Wednesday, March 26, 2008

New York Spring: on the 7th floor


I still garden on one terrace - a garden I designed in 2000 when I was still new to rooftop gardening, and where I made some valuable (for me, not for the lovely owners of this terrace) mistakes: selling for instance, the teak planters in the picture - the Manhattan nursery I worked for then stocked them, so that's what I sold. Big mistake. Four years later they started to pop at the seams. Now, clients sometimes stumble upon these planters online and ask why we don't use them (they are quite cheap), and I explain that they are poorly constructed and won't make it long term; money saved now will be spent two-fold replacing them and replanting an entire container garden. Not a cheap prospect in this city. Instead, we often have planters custom-made, in workshops in LIC or New Jersey, from cedar and ipe, or metal, and they might outlive us. Anyway - we replace this lot up here one by one as they give up the ghost.

But Spring: on this 7th floor, Upper East Side terrace facing West, it arrives late. It is one of the windiest (hence most wind-chilled) terraces I know (the others all being on the Hudson), and on this particular day I was fairly unhinged after two hours of being buffeted by the reported 40mph gusts of wind. The Jamaican nanny watched in fascination and safety from inside the apartment as I bulldozed at a 45' angle up the terrace, and then shot back down again, holding boxes that turned into sails and pots that threatened to become mini scud missiles. One winter, on a layer of proverbially thin ice, I blew from one end to the other without moving my feet.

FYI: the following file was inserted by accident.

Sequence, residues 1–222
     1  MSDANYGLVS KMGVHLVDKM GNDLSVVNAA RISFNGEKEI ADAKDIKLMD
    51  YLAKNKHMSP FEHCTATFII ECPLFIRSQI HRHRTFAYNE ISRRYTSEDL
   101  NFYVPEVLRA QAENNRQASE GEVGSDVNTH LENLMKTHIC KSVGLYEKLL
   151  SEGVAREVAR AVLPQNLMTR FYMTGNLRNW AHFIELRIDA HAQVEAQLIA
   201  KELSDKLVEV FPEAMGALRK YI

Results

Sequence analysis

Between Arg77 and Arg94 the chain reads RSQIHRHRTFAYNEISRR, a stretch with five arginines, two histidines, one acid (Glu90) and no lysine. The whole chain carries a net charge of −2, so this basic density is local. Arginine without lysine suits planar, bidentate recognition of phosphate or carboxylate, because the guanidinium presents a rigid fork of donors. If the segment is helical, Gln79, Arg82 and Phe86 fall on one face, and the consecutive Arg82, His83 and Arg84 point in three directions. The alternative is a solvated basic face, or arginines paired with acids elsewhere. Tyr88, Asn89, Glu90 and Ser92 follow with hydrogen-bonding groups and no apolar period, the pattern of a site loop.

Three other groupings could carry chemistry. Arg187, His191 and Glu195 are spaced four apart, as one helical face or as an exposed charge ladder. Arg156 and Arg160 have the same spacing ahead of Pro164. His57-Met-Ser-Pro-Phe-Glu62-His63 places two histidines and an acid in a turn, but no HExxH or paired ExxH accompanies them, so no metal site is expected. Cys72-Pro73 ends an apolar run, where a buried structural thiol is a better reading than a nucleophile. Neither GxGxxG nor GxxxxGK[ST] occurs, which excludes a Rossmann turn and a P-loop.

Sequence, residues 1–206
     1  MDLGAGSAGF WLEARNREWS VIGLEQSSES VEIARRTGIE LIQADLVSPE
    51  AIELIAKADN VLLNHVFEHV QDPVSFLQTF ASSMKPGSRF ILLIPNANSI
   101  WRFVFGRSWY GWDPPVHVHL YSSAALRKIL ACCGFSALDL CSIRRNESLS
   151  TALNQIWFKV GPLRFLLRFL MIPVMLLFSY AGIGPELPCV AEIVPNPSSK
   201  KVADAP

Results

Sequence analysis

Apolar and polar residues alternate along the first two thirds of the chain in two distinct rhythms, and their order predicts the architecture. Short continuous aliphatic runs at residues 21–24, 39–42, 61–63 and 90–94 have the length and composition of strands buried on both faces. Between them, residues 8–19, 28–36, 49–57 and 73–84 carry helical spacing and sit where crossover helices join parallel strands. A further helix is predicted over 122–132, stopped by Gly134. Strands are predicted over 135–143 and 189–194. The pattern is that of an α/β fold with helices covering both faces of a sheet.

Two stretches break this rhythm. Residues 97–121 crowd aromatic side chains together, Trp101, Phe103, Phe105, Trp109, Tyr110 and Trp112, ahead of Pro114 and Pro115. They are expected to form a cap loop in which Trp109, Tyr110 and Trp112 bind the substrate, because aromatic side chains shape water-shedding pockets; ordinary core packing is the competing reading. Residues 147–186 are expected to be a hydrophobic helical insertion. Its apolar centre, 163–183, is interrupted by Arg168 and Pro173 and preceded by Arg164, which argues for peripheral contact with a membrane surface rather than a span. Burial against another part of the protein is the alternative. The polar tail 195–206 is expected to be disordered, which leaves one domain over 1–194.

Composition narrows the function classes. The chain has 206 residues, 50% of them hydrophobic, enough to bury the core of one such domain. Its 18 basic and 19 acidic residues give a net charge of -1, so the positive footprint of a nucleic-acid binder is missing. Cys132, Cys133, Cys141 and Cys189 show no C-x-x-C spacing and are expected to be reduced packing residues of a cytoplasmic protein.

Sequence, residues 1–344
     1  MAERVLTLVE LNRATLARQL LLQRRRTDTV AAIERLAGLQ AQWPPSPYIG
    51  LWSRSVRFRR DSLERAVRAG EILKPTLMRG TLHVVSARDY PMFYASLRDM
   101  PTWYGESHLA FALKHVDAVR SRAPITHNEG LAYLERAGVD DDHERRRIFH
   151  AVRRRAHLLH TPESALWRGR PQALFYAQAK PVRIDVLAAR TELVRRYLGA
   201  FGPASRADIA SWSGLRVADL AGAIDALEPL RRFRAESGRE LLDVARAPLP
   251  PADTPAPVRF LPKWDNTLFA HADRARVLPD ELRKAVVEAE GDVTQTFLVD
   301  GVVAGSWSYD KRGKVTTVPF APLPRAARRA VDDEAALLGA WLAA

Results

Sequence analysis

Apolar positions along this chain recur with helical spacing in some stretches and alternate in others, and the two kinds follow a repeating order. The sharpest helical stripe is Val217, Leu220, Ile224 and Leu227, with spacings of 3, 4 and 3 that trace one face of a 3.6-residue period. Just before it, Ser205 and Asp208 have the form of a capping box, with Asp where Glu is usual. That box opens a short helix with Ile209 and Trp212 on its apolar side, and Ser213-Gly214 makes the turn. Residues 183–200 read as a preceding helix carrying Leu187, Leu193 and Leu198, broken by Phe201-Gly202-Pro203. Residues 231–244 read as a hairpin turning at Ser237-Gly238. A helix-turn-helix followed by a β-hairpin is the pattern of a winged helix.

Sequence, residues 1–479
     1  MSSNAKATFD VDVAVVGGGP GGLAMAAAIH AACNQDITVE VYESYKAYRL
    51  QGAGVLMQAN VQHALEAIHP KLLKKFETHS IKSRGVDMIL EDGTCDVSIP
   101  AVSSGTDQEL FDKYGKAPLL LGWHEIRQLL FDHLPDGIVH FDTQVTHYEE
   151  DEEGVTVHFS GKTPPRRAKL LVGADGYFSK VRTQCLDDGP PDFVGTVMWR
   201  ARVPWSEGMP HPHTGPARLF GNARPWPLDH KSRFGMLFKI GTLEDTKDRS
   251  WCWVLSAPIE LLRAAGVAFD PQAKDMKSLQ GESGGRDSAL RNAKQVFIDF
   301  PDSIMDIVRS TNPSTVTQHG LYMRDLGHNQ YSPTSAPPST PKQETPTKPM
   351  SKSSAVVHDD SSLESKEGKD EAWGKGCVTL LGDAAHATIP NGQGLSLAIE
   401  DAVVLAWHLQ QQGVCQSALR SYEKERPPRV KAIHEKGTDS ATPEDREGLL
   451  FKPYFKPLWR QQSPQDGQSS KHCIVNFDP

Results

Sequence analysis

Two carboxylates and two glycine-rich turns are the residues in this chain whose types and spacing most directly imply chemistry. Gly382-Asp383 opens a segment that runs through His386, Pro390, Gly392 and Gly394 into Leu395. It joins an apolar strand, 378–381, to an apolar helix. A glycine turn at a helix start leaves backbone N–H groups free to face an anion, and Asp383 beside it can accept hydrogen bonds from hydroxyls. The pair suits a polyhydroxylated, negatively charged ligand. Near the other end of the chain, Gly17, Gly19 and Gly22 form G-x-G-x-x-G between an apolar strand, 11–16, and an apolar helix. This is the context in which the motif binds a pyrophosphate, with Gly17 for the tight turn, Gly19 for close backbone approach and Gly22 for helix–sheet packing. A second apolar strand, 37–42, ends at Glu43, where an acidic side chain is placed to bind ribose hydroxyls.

So it was an instant spring. At ground level crab apples are beginning to leaf out, prior to their buds opening. But up here they are firmly shut. Looking at the long bare climbing rose canes that I tied up or pinned (pegged) to encourage more blooms, it is very hard to believe that, come June, they will be billowing in pink petals. The old English roses were pruned back hard and soon I will feed them. There is no sign of the strawberry-pink and cream lilies buried deep beneath the catnip's small grey-blue leaves: one of the first perennials to break dormancy.


But that's the wonderful thing about seasons; each one a miracle of survival and beauty, their constant renewal an echo of our own.

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